Your Audience: Who They’re Not by Steph Beth Nickel

You must niche down.

Have you created an avatar?

What are the demographics of those you’re seeking to reach?

And … I’m ready to pack it in.

I’m eclectically interested and eclectically involved. I can’t imagine writing for one specific woman who personifies my audience.

Guess what. I don’t have to.

Well, not really.

I recently joined an online writers’ pod that gives lots of personal feedback. And I can’t begin to tell you how helpful it has been already.

When I brought up my difficulty deciding exactly who I’m writing for, a much more experienced writer suggested I begin by deciding who I’m not writing for.

That was easy—and that group grows the more I think about it.

I’m not writing for the woman who needs long-term spiritual or emotional counsel. I’m not writing for the woman who is looking for an alternative to hiring a therapist. I’m not writing for the woman who isn’t interested in how the Scriptures apply to 21st century life.

Can any of these women read what I write? Of course. But they are not my target audience.

I could go on to say my audience is not those looking to get into political debates or hurtful finger-pointing of any kind. And on a lighter note, my audience will not be those looking for homemaking and parenting advice, although I may touch on both topics.

The lady who advised that I consider who I wasn’t writing for came to the conclusion that it makes more sense for me to use psychographics rather than demographics. This conclusion struck a chord with me.

(Investopedia[dot]com defines demographics this way: the study of a population based on factors such as age, race, and sex. Google defines psychographics like this: the study and classification of people according to their attitudes, aspirations, and other psychological criteria.)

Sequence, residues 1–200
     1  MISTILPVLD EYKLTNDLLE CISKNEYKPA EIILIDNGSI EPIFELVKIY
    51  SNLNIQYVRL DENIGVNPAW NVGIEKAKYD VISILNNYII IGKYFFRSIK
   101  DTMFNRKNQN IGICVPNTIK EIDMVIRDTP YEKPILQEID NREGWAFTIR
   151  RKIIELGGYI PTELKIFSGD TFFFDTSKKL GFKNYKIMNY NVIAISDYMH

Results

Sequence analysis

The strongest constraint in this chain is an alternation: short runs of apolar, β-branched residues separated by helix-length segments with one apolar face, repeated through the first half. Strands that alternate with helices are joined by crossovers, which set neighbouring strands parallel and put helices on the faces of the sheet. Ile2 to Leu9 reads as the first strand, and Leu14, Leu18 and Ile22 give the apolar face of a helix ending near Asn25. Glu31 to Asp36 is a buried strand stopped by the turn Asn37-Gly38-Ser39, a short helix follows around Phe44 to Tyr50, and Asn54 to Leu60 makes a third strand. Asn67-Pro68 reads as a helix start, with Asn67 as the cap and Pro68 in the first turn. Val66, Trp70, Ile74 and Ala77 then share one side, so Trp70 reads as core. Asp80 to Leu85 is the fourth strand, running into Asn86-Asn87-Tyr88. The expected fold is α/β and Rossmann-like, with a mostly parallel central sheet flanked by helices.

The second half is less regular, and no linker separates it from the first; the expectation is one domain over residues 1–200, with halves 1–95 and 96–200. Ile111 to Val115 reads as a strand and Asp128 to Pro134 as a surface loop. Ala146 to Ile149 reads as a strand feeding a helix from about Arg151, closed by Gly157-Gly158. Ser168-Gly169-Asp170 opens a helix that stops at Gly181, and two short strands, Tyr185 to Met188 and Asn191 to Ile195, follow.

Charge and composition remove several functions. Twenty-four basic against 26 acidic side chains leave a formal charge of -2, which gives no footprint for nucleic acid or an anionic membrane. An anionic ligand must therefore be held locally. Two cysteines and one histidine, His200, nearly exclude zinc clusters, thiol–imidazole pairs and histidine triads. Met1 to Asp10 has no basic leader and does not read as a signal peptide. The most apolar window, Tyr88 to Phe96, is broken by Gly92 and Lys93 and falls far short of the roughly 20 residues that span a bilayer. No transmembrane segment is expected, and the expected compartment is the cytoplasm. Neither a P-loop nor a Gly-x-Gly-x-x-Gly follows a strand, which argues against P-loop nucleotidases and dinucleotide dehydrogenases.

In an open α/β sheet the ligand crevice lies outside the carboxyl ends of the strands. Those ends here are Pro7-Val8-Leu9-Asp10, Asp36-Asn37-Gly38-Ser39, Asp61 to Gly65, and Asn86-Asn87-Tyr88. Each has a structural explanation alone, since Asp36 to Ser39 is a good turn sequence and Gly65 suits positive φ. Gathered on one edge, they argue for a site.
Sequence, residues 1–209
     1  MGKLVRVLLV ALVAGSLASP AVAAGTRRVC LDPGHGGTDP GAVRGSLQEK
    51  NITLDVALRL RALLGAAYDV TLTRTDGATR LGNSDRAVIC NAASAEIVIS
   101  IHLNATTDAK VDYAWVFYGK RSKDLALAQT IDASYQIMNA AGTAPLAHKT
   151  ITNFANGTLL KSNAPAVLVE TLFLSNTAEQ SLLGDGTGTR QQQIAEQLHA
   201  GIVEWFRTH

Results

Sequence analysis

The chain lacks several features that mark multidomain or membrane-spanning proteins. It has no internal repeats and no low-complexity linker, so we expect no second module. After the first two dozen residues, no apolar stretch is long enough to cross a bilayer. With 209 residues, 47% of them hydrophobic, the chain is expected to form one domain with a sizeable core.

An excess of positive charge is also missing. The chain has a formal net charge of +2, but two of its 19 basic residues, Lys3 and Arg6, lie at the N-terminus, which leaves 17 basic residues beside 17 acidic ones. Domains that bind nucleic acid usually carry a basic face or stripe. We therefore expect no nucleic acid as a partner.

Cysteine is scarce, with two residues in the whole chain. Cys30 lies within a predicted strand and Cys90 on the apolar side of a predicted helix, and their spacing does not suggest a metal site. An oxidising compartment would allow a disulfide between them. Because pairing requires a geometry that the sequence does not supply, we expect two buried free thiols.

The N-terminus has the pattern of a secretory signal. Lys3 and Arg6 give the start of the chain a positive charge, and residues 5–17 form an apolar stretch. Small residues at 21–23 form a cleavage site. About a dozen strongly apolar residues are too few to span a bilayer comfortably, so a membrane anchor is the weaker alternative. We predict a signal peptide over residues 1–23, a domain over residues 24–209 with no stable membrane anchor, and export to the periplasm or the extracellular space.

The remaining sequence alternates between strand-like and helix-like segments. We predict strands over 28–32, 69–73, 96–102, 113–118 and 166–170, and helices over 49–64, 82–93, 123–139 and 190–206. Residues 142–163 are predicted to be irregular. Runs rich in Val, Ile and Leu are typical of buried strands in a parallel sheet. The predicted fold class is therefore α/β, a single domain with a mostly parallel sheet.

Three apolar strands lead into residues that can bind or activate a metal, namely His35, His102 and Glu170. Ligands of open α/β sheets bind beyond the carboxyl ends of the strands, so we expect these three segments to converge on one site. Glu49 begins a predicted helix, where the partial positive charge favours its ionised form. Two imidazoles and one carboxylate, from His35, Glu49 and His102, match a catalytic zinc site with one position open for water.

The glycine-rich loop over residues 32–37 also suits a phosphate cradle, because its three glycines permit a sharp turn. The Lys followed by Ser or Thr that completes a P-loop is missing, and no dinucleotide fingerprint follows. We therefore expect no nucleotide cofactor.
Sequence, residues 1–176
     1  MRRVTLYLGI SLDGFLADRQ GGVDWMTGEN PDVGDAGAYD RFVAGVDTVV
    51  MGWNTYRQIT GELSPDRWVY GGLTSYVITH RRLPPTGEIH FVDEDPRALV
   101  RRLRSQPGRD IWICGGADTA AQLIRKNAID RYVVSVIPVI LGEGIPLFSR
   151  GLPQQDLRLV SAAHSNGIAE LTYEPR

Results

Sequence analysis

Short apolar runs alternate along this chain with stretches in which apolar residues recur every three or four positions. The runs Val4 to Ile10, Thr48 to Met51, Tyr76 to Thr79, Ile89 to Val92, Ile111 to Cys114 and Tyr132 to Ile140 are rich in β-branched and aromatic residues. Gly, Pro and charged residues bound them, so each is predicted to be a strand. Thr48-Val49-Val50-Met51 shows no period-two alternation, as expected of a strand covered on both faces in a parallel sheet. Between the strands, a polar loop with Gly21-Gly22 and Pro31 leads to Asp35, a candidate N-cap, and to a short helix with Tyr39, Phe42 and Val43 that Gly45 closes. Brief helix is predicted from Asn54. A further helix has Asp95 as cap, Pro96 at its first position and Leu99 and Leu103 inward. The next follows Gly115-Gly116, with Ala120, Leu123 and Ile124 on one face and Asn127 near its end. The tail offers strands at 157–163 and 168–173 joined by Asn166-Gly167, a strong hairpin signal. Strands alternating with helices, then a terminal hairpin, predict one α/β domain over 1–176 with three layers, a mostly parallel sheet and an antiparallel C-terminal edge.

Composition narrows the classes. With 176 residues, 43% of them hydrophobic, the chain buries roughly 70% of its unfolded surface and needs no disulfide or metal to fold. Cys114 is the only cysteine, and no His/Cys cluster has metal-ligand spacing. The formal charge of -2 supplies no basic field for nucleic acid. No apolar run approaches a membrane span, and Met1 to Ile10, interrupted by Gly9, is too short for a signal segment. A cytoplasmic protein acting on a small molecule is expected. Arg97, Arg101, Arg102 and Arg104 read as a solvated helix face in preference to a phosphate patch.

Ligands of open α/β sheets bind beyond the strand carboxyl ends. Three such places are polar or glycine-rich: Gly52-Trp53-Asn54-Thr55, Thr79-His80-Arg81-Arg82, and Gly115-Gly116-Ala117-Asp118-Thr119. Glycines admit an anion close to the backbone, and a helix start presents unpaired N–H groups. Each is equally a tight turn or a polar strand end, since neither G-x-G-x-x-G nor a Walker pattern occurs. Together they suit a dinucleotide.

If you’re having difficulty zeroing in on your ideal reader, why not ask yourself the following questions:

  1. When I think of who I’m not writing for, who immediately comes to mind?
  2. When I think of the tone of my work, who would not be interested in reading it—as far as I know?
  3. Who do I most want to write for?
  4. Does it make more sense to consider demographics or psychographics?
  5. If I were speaking to a room full of people, who would I expect to be in the audience?

Instead of creating an avatar of your target audience member, have some fun. Create a detailed avatar of the least likely person to read your writing.

I’d love to read about who you’re not writing for—and who you have in mind when you sit down at the computer or pick up your pen and paper.

Steph Beth Nickel’s eclectic pursuits include editing, writing, hanging out with friends in person and online, and on and on and on.

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1 comment

  1. Pamela Mytroen says:

    I never thought of audience from that perspective before. That certainly narrows it down. Good idea!

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